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|October 9-15, 2008
Back to Letters
Abortion and abolition
by Diana Hsieh and Ari Armstrong
Colorado is ground zero in a national battle over the morality of abortion, and the defenders of abortion rights are ceding ground.
The opponents of abortion declare that every human life is endowed by God with an inalienable right to life. To terminate a pregnancy, whatever the circumstances, is murder.
Republican presidential candidate John McCain seeks to overturn Roe v. Wade, then “end abortion at the state level.” His running mate Sarah Palin says she’s as “pro-life as any candidate can be.” She thinks “abortion [should] only be allowed if the life of the mother is endangered.”
Colorado’s Amendment 48 inaugurates a new strategy for ending abortion. Instead of restricting abortion via piecemeal government controls, the measure would usher in a near-total ban on abortion by defining a fertilized egg as a person with full legal rights in the state constitution.
The opponents of abortion claim the sanction of divine morality, based on the premise that “life begins at conception.” Many anti-abortionists now openly seek to ban not only abortion and most fertility treatments, but also the birth control pill, morning after pill, and IUD because they may prevent a fertilized egg from implanting in the uterus. Amendment 48 would help them do that.
Given this all-out assault on reproductive rights, traditional defenders of abortion might be expected to launch a vigorous counter-attack. Instead, they’ve dodged tough questions and conceded basic principles, leaving reproductive rights with a flimsy defense.
When Democratic presidential candidate Barack Obama was asked when a baby gets “human rights,” he famously declared the question to be “above [his] pay grade.” Yet he will be called on to judge such matters if elected. His running mate Joe Biden accepts the teachings of his Catholic Church: the fertilized egg is a human person. Yet he regards abortion as “a personal and private issue” — as if the state should allow every person to decide for himself whether or not to recognize the rights of others, so long as any killings happen behind closed doors. That’s clearly wrong: if an embryo or fetus is a person, then abortion is murder. If not, then it’s a woman’s right.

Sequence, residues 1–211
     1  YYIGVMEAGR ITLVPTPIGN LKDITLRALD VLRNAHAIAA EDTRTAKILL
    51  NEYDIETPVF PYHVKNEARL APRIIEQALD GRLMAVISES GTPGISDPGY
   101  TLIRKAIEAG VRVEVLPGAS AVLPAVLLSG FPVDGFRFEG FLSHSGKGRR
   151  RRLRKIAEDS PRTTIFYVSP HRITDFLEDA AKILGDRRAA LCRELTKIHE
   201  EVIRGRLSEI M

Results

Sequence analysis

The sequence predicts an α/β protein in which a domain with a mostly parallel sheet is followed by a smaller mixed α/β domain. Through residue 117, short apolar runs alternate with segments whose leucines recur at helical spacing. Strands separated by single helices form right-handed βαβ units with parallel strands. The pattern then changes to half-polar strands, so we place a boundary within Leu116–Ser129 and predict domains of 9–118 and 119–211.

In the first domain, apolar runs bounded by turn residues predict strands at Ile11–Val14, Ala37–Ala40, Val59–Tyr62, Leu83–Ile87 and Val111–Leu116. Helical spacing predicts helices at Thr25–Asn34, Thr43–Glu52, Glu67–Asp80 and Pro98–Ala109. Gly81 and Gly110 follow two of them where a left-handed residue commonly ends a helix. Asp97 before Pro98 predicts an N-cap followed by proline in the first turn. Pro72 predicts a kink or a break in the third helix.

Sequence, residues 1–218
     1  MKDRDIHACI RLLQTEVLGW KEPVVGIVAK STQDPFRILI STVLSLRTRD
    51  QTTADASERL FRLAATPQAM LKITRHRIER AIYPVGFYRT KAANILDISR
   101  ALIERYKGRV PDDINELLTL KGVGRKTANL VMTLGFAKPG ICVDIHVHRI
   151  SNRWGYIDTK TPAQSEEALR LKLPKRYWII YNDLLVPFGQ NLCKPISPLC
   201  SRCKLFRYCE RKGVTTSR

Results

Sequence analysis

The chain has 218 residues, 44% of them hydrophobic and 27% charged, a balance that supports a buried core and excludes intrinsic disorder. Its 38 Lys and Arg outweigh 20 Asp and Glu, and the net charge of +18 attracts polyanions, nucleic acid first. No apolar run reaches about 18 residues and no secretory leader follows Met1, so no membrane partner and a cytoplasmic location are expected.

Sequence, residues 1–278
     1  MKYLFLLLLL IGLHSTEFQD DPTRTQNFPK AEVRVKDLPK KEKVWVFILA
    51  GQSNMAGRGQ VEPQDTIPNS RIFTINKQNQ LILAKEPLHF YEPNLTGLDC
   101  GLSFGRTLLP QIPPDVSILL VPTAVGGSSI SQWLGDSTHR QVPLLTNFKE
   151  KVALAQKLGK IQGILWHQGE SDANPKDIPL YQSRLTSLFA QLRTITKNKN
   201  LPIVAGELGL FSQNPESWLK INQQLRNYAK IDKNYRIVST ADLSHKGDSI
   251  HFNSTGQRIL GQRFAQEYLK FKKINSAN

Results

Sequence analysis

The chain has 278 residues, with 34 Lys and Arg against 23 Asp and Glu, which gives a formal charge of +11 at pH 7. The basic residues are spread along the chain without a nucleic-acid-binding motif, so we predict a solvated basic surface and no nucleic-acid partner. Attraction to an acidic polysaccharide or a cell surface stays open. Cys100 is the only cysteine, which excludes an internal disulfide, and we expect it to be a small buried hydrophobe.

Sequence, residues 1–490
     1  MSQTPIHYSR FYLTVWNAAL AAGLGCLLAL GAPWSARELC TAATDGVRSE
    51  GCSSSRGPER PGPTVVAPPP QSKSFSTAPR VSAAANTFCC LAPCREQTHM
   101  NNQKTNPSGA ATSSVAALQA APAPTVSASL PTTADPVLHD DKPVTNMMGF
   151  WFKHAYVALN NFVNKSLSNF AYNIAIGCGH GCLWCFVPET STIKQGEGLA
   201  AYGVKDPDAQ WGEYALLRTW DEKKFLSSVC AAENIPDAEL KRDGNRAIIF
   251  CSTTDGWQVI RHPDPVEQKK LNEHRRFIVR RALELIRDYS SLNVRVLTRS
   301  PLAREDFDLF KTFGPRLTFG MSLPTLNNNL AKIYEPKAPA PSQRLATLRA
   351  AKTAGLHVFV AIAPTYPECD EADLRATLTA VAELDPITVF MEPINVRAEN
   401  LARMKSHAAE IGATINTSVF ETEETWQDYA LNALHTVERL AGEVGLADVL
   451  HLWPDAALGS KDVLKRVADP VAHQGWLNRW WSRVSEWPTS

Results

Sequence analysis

In response to the threat posed by Amendment 48, the traditional defenders of abortion rights — such as Planned Parenthood and NARAL — organized a broad coalition to fight the measure. They persuasively argue that Amendment 48 would have disastrous legal consequences for abortion, birth control and in-vitro fertilization.
Yet their oft-repeated slogan of “it simply goes too far” is a whopping concession to their opponents. It implies that abortion, birth control and in-vitro fertilization could be and perhaps ought to be restricted — just not as severely as Amendment 48 would do. Instead of upholding reproductive rights, the slogan implicitly welcomes further incremental controls on abortion.
Just imagine if the abolitionists of the 19th century had attempted to defend the inalienable rights of slaves based on the slogan, “slavery: it simply goes too far.” Imagine Lincoln declaring the morality of slavery to be “above [his] pay grade.” The monstrous evil of slavery would still exist today. The recognition and protection of the rights of slaves required an uncompromising defense of those rights based on the facts of human nature.
Similarly, the recognition and protection of abortion rights requires an uncompromising defense of those rights based on the all-important differences between a fetus and a baby.
Neither an embryo nor a fetus is a human person with a right to life. While still in the womb, it exists as part of the woman, wholly contained within and dependent on her. It goes where she goes, eats what she eats, and breathes what she breathes. It lives as she lives, as an extension of her body. A fetus is only a potential person without a right to life.
That situation changes radically at birth. A baby lives his own life, outside his mother. Although very needy, he maintains his own biological functions. He breathes his own air, digests his own food and moves on his own. He can leave his mother to be cared for by someone else. He has a life of his own that must be protected as a matter of right, just the same as every other person.
During a pregnancy, the only person with rights is the pregnant woman. She has a right to liberty, including a right to use her body as she pleases. So she has every right to terminate an unwanted pregnancy — for any reason. If an abortion will further her own life and happiness, then she ought to pursue that option with a clear conscience.
The growing faith-based opposition to abortion cannot be countered by vague appeals to choice and privacy. Roe v. Wade will be overturned and Amendment 48 (or its like) will be passed without a clear, consistent and positive defense of abortion rights. We must be as principled in our defense of a woman’s right to her own body as were the abolitionists in defending the rights of slaves. Liberty cannot be won by any other means.
Diana Hsieh is the founder of the Coalition for Secular Government. Ari Armstrong is the editor of FreeColorado.com. They co-authored “Amendment 48 Is Anti-Life,” available through SecularGovernment.us.
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